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California lawmakers have proposed more taxes and fees in the first half of the 2017-18 legislative session than in all of 2015 or 2016. If each proposal became law, the tax burden in California would increase by more than $373 billion per year. To put this in context, all revenue in the 2017-18 State Budget is expected to bring in $178.4 billion.

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One of the few great inescapable facts in the field of economics is the reality of the business cycle. No matter how high-flying an economy might appear, another recession is coming sooner or later. It can be difficult, if not impossible, to regularly predict when one might occur, or how severe it may be, but recessions and their place in the business cycle are an accepted fact of economic life. Therefore, preparing for recessions is an equally inescapable concept.

It has been more than eight years since the end of the last recession, the third longest period of expansion in U.S. history, and many are rightfully beginning to look ahead to the next economic downturn. However, one of the most effective ways to look forward is to look back and make sure that we have adequately learned the lessons of the Great Recession. Nowhere is this type of postmortem more appropriate than for state and local governments.

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The Center for a Competitive Workforce has produced a report analyzing 20 middle-skills occupations for which community colleges offer degree and certificate programs. The occupations are employed by six key industries with a competitive advantage in the greater Los Angeles region. Read highlights of the report below, or download the full report PDF.

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This Working Paper focuses on this challenge through multiple case studies, covering both state and local governments. The case studies demonstrate a marked increase in both employer pension contributions and unfunded pension liabilities over the past 15 years, and they reveal that in almost all cases that costs will continue to increase at least through 2030, even under the assumptions used by the plans’ governing bodies—assumptions that critics regard as optimistic. It examines the impacts of increased pension contributions on other expenditures, including services traditionally considered part of government’s core mission. Pension costs have crowded out and will likely to continue to crowd out resources needed for public assistance, welfare, recreation and libraries, health, public works, other social services, and in some cases, public safety.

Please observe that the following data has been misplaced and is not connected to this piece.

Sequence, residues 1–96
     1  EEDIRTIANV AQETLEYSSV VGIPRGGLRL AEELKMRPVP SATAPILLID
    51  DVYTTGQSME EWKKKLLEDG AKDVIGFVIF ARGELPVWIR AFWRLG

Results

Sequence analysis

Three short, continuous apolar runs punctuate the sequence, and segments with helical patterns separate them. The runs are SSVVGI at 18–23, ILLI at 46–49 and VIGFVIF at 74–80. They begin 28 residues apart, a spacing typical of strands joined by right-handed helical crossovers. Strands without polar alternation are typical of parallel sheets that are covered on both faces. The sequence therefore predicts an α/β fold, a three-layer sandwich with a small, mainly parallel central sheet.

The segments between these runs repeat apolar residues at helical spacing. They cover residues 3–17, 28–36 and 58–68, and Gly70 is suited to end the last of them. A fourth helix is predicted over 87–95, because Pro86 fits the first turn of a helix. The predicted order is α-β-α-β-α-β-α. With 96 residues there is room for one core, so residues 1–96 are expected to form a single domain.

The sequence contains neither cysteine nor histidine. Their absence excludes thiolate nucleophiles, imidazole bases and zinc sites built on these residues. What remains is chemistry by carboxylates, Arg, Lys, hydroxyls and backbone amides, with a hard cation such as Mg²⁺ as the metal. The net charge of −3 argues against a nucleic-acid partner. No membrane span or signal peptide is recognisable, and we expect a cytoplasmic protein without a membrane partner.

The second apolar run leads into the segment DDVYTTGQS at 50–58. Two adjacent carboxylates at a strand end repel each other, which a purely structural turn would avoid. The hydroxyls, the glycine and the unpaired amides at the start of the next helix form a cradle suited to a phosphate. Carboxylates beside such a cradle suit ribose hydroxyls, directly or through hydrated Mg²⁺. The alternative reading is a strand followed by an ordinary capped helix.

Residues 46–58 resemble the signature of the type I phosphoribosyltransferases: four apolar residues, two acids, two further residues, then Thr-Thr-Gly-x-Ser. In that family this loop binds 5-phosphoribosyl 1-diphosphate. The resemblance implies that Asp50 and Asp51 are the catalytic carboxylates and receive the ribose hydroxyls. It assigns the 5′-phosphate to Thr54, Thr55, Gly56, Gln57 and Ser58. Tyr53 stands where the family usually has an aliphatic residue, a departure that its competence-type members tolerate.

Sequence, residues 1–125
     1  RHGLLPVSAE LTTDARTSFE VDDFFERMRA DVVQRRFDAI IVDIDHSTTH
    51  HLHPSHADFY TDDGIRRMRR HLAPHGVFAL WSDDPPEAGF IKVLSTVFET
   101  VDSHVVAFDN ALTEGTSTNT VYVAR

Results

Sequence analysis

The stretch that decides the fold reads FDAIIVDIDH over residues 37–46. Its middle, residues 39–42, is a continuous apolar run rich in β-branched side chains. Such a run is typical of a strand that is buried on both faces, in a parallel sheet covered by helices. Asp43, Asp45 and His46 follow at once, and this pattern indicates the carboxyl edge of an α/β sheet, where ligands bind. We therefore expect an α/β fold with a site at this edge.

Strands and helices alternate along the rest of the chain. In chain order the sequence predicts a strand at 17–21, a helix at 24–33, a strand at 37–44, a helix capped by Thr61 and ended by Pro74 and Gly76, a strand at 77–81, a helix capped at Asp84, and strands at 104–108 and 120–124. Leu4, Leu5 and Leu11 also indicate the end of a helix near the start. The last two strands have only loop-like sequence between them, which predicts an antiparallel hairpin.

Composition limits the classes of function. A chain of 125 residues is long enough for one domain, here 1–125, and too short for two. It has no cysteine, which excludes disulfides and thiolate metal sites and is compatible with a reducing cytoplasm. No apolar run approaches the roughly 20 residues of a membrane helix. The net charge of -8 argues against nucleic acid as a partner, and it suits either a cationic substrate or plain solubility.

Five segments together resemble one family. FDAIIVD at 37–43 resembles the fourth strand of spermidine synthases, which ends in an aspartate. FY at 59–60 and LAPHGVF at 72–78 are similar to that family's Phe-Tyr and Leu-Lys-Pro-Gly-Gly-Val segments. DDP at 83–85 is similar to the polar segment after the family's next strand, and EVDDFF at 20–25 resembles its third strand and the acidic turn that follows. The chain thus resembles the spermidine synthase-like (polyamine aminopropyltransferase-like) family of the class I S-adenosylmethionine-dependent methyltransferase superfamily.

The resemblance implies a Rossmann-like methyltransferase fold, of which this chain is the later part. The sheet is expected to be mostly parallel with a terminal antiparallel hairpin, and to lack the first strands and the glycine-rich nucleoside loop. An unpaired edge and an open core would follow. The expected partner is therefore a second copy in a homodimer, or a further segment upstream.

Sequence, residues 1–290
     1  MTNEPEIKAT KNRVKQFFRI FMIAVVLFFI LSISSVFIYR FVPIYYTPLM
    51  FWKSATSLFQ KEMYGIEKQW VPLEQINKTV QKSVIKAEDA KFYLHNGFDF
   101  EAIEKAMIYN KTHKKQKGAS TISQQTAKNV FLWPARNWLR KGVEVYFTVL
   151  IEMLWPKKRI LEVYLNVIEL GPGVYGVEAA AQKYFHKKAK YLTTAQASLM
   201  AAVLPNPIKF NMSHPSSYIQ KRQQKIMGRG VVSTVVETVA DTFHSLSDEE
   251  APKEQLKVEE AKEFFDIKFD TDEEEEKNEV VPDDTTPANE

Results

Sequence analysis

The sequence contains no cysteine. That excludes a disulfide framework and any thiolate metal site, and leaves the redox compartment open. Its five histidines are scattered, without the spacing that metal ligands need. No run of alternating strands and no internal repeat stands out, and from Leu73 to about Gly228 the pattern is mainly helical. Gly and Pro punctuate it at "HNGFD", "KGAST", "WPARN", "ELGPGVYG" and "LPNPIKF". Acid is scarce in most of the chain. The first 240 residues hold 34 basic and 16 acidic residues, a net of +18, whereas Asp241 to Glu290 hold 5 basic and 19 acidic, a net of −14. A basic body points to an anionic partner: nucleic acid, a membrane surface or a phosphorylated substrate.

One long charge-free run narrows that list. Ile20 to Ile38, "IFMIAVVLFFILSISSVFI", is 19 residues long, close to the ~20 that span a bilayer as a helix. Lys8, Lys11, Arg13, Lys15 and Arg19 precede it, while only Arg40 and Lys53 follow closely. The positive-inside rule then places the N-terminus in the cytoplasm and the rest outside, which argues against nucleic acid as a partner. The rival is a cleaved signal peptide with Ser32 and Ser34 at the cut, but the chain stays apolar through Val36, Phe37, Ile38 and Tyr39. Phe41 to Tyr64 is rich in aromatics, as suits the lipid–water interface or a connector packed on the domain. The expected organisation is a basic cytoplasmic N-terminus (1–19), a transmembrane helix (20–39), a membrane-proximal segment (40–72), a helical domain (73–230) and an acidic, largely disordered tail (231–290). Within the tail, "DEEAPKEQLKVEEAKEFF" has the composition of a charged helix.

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The reported cuts would dwarf the 600 layoffs the firm reported last year to California authorities, and would eliminate some 5,000 employees — 10 percent of its workforce, the report said.

“The cuts at the company, which has about 50,000 workers, are likely to affect workers in the U.S. and abroad, including managers,” Bloomberg reported, based on unnamed sources.

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Nov. 17, 2017 / Andrew Khouri

Nov. 17, 2017 / The Editorial Board